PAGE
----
Coronary artery disease accounts for 54% of all cardiovascular disease in the United States [1]. Understanding how coronary vessels develop is likely to uncover novel drug targets and therapeutic strategies useful in directing the repair or remodeling of coronary vessels in adults. Recent data from our laboratory has demonstrated that targeted deletion of the Type III Transforming Growth Factor 2 receptor (TGF2R3) results in embryonic death associated with failure of the formation or persistence of the coronary vessels while other vascular beds appear to develop normally. Experiments are proposed to identify how the loss of TGF2R3 results in the failure of coronary vessel development and to reveal the TGF2 signaling pathways that regulate epicardial cell differentiation. We will test 3 specific hypotheses. Hypothesis 1: TGF2R3 is required for proper epicardial differentiation. This will be tested by in vivo analysis of the epicardium and epicardial derivatives in wildtype, heterozygous Tgfbr3 null, and homozygous Tgfbr3 null animals. Hypothesis 2: TGF2R3 is required in the epicardium or myocardium for proper coronary vessel development. This will be tested by conditional deletion of Tgfbr3 in the epicardium and myocardium. Hypothesis 3: Specific TGF2 signaling pathways regulate epicardial cell differentiation. This will be tested in vitro in both explants and immortalized cells from wildtype, heterozygous Tgfbr3 null, and homozygous Tgfbr3 null animals The successful completion of the proposed experiments will yield significant insight into the role of Transforming Growth Factor 2 (TGF2) in coronary vessel development. The unique nature of the derivation of the coronary vessels and the significance of coronary vessel disease in humans makes the determination of the mechanisms behind TGF2R3 regulation of coronary vasculogenesis of high significance from both a basic science and clinical perspective. ? ? ?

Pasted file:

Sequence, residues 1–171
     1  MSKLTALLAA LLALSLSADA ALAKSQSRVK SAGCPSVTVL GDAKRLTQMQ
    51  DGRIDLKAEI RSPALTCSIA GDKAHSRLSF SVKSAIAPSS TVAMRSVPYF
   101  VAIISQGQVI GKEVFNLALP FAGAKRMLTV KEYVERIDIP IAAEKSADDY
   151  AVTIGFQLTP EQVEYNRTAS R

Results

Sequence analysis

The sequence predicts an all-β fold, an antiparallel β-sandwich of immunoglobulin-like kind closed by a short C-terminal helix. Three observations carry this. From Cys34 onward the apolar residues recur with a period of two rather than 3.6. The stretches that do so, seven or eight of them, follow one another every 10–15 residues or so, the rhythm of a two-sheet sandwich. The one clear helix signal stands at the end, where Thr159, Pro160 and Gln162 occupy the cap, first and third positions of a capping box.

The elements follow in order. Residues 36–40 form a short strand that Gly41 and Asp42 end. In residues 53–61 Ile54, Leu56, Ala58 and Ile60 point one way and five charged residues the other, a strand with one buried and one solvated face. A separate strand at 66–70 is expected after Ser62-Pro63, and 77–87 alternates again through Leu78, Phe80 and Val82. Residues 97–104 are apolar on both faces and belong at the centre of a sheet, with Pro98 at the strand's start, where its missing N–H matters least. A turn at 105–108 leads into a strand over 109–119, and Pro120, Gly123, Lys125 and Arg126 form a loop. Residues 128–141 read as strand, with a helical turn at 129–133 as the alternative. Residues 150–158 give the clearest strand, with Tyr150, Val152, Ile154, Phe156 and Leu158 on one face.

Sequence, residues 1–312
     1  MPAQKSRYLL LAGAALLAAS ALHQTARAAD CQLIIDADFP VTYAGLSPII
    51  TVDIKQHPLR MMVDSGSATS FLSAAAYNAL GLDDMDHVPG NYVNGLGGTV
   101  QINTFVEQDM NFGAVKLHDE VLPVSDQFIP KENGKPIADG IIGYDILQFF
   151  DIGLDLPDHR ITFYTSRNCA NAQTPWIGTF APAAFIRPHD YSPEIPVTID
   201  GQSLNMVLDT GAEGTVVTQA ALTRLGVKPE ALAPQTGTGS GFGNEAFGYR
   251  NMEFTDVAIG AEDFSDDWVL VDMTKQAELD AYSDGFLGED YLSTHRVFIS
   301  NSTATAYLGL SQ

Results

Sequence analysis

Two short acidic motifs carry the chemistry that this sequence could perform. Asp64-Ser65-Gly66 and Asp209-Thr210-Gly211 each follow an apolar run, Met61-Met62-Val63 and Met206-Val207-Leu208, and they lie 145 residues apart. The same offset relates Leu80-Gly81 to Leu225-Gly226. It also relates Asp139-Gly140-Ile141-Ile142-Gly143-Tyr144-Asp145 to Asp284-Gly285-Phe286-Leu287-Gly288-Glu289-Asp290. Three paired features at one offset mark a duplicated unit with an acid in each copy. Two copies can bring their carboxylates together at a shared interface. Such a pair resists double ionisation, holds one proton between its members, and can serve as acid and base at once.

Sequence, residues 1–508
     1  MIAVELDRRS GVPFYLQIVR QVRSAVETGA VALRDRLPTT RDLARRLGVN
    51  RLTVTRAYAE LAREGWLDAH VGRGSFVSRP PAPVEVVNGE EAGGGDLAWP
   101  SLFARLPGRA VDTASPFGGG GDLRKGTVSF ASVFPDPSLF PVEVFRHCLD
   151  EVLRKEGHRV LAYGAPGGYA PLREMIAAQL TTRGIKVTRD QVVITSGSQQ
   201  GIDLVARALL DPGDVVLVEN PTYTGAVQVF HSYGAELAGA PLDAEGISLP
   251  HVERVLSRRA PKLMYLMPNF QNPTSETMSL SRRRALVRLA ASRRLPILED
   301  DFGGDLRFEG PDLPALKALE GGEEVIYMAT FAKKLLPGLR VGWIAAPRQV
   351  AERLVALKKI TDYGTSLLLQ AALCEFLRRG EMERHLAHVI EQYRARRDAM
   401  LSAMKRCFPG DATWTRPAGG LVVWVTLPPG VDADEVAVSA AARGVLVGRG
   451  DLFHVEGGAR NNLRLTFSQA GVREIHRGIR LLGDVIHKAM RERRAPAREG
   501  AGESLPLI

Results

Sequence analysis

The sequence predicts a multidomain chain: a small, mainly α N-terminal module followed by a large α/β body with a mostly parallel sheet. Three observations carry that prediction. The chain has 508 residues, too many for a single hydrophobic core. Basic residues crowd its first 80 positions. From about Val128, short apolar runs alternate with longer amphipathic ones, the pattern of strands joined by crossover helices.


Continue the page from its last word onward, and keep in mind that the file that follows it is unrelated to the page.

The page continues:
National Institute of Health (NIH)
National Heart, Lung, and Blood Institute (NHLBI)
Research Project (R01)
Project #
Application #
Study Section
Cardiovascular Differentiation and Development Study Section (CDD)
Program Officer
Schramm, Charlene A
Project Start
Project End
Budget Start
Budget End
Support Year
Fiscal Year
Total Cost
Indirect Cost
Vanderbilt University Medical Center
Schools of Medicine
United States
Zip Code
Clark, Cynthia R; Robinson, Jamille Y; Sanchez, Nora S et al. (2016) Common pathways regulate Type III TGF? receptor-dependent cell invasion in epicardial and endocardial cells. Cell Signal 28:688-98
Doetschman, Thomas; Barnett, Joey V; Runyan, Raymond B et al. (2012) Transforming growth factor beta signaling in adult cardiovascular diseases and repair. Cell Tissue Res 347:203-23
Hill, Cynthia R; Sanchez, Nora S; Love, Joseph D et al. (2012) BMP2 signals loss of epithelial character in epicardial cells but requires the Type III TGF? receptor to promote invasion. Cell Signal 24:1012-22
Sanchez, Nora S; Barnett, Joey V (2012) TGFýý and BMP-2 regulate epicardial cell invasion via TGFýýR3 activation of the Par6/Smurf1/RhoA pathway. Cell Signal 24:539-48
Sanchez, Nora S; Hill, Cynthia R; Love, Joseph D et al. (2011) The cytoplasmic domain of TGFýýR3 through its interaction with the scaffolding protein, GIPC, directs epicardial cell behavior. Dev Biol 358:331-43
Karunamuni, Ganga; Yang, Ke; Doughman, Yong Qiu et al. (2010) Expression of lymphatic markers during avian and mouse cardiogenesis. Anat Rec (Hoboken) 293:259-70
Frieden, Leslie A; Townsend, Todd A; Vaught, David B et al. (2010) Regulation of heart valve morphogenesis by Eph receptor ligand, ephrin-A1. Dev Dyn 239:3226-34
Craig, Evisabel A; Austin, Anita F; Vaillancourt, Richard R et al. (2010) TGF?2-mediated production of hyaluronan is important for the induction of epicardial cell differentiation and invasion. Exp Cell Res 316:3397-405
Craig, Evisabel A; Parker, Patti; Austin, Anita F et al. (2010) Involvement of the MEKK1 signaling pathway in the regulation of epicardial cell behavior by hyaluronan. Cell Signal 22:968-76